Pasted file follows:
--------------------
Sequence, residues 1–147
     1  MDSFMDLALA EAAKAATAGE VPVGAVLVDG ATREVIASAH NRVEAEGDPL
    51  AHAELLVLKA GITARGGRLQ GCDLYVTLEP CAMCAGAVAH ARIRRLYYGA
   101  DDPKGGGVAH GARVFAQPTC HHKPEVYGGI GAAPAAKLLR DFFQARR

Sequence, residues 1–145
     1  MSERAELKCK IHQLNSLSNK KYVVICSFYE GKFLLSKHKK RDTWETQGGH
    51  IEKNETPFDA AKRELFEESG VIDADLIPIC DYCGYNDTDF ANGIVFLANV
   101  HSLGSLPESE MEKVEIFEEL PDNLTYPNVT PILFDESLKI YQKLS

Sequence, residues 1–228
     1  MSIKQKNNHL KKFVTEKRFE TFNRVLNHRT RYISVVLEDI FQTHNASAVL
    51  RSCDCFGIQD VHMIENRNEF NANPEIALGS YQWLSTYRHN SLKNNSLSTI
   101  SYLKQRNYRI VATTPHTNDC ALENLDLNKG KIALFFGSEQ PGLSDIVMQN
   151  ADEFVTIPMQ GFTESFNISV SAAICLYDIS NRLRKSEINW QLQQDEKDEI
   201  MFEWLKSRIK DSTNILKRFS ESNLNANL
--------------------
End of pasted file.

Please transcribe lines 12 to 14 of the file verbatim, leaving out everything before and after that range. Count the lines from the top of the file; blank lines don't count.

   101  SYLKQRNYRI VATTPHTNDC ALENLDLNKG KIALFFGSEQ PGLSDIVMQN
   151  ADEFVTIPMQ GFTESFNISV SAAICLYDIS NRLRKSEINW QLQQDEKDEI
   201  MFEWLKSRIK DSTNILKRFS ESNLNANL